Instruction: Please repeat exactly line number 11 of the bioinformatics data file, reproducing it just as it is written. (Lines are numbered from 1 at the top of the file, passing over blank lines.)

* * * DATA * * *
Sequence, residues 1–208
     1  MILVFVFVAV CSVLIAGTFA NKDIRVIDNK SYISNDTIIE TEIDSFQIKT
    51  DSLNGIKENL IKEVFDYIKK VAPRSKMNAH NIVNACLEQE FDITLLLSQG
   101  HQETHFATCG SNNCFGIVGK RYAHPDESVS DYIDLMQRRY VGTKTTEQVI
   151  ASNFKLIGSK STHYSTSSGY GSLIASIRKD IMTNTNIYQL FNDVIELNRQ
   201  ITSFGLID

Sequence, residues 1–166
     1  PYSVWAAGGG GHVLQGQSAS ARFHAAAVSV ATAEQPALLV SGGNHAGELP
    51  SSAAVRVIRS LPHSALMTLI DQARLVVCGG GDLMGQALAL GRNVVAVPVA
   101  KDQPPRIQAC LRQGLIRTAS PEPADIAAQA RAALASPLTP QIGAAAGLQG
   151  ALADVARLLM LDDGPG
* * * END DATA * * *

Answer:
   151  ALADVARLLM LDDGPG